They’re certainly unhappy and definitely radical, but they mostly stick to writing and haven’t managed to put out podcasts apart from the few Superversive SF live streams. Those do deliver a sort of all-star Puppy crew, though, including Puppy authors John C. Wright and Lou Antonelli, Wright’s wife and the ultra-conservative superversive ideologist L. Jagi Lamplighter, SP4 organizer Kate Paulk, Reactionary Christian Sci Phi Guy Jason Rennie, notable Gamergater Daddy “I Know More About Gamergate Than Any Living Person” Warpig and others.

In one of the Superversive SF streams, Antonelli made the infamous revelation that he had told the Spokane cops to keep an eye on Worldcon Guest of Honor David Gerrold, and I’m not sure that even actually made it to the top five of most blatantly irrational stuff that was said on air during the show. In other words, the atmosphere tends to get quite epic. In addition to that stream, I recommend the three-hour Hugo Aftermath episode in which they discuss the results, get many things wrong (“thousands of votes were discarded because of the 25% rule”), glorify Gamergate and rustle their tin foil hats.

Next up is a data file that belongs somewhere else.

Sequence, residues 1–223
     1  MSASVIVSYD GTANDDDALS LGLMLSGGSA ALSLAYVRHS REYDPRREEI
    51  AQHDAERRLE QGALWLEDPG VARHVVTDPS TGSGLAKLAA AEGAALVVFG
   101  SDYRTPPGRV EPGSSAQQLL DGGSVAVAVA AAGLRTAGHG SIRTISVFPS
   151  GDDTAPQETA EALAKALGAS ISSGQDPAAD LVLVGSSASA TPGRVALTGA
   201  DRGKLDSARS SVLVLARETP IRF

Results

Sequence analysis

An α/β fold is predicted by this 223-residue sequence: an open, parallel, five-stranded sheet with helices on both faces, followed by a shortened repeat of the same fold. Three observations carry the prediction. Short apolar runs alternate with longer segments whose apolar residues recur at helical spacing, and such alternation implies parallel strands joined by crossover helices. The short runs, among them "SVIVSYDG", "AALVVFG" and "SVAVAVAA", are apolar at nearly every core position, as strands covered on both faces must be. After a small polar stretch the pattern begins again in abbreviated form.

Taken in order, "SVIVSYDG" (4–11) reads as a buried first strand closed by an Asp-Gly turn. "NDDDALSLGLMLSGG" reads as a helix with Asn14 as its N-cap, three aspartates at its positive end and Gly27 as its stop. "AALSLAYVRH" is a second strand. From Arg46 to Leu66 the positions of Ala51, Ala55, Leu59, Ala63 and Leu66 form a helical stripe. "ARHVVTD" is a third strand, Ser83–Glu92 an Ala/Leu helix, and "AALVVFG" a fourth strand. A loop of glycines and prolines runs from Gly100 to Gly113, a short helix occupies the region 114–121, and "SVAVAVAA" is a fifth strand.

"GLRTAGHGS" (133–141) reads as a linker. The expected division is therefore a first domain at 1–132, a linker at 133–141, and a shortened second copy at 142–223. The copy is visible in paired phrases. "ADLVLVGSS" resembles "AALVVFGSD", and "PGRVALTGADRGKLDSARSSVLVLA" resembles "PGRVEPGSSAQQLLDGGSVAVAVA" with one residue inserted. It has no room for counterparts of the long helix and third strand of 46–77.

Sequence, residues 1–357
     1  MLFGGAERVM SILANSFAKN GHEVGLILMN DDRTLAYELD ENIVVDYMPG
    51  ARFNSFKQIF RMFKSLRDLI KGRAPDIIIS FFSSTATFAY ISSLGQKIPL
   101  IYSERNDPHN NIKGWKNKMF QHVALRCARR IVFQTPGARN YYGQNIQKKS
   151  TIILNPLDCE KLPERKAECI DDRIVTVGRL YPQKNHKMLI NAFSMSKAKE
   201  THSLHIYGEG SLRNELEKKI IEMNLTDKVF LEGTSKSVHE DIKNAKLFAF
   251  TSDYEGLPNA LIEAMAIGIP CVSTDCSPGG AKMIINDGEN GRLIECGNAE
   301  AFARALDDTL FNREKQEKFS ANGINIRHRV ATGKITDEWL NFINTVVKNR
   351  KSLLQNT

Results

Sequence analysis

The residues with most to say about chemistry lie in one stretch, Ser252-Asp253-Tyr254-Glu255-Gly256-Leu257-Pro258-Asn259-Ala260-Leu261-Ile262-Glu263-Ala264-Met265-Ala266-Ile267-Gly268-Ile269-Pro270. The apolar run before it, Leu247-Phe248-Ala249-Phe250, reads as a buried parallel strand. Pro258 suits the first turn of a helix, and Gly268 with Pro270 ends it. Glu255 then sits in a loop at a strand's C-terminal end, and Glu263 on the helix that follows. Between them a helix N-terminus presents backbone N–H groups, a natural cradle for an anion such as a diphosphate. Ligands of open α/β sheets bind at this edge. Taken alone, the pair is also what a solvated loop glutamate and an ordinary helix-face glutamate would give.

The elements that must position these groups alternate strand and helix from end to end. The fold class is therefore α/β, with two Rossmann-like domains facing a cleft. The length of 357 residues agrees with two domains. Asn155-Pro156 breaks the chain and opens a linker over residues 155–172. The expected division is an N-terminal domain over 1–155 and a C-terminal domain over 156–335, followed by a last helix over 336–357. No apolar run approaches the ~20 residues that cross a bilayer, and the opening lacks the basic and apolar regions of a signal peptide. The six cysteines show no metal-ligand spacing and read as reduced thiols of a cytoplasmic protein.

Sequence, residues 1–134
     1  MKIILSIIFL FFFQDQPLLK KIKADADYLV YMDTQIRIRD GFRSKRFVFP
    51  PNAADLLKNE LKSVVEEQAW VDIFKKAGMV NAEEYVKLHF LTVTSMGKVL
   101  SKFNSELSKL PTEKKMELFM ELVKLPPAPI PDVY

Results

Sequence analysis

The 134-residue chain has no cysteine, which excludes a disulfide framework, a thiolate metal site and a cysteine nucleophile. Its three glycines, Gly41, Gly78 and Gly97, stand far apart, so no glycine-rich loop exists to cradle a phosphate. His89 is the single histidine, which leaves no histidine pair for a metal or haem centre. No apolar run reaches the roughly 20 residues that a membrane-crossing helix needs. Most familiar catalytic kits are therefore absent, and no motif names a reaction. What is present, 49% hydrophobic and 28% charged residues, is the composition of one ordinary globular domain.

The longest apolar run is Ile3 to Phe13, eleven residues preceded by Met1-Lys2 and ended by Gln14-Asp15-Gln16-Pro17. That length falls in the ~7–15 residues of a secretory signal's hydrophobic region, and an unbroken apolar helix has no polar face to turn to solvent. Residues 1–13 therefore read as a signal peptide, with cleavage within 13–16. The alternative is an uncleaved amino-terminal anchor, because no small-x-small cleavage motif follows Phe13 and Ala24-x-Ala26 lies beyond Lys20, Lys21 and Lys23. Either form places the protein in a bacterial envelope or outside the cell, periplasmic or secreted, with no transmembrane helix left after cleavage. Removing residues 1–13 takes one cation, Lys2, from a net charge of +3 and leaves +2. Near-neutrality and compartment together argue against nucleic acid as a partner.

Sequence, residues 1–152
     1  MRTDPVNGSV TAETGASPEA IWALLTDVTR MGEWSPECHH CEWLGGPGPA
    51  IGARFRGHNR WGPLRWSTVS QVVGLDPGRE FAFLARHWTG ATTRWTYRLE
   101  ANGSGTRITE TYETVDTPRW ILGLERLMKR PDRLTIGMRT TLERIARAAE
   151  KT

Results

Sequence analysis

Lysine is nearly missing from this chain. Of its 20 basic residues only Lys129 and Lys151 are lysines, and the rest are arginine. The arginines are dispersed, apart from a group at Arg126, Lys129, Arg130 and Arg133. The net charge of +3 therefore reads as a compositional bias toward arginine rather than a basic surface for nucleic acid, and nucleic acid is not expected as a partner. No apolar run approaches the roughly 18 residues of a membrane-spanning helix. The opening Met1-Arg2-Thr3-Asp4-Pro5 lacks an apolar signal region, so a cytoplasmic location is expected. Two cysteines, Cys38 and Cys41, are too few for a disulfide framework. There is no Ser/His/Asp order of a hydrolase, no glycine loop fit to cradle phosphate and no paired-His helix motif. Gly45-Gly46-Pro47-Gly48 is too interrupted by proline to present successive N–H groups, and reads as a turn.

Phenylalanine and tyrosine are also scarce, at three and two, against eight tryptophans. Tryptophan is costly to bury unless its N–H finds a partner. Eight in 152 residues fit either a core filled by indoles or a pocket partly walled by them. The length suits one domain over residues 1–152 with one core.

Finding an unreasonably militant anti-Puppy podcast to mirror the Subversive SF discussions is not easy, but I settled for Shabcast 3. In the episode, Phil Sandifer, Andrew Hickey and the host (whose name I didn’t get) discuss the Puppies’ efforts, call them fascists and end their 100-minute podcast with “Fuck the Fascists!”, “¡No pasarán!” and the Woody Guthrie song “All You Fascists”. During the course of it, two of the three guys (if I remember correctly) recommends voting for No Award in all Hugo categories to protest the Puppy sweep — something that didn’t really materialize. The shabcasters go through a load of offensive Theodore Beale and John C. Wright quotes and bash nerd culture as a whole from politicized left-wing perspective.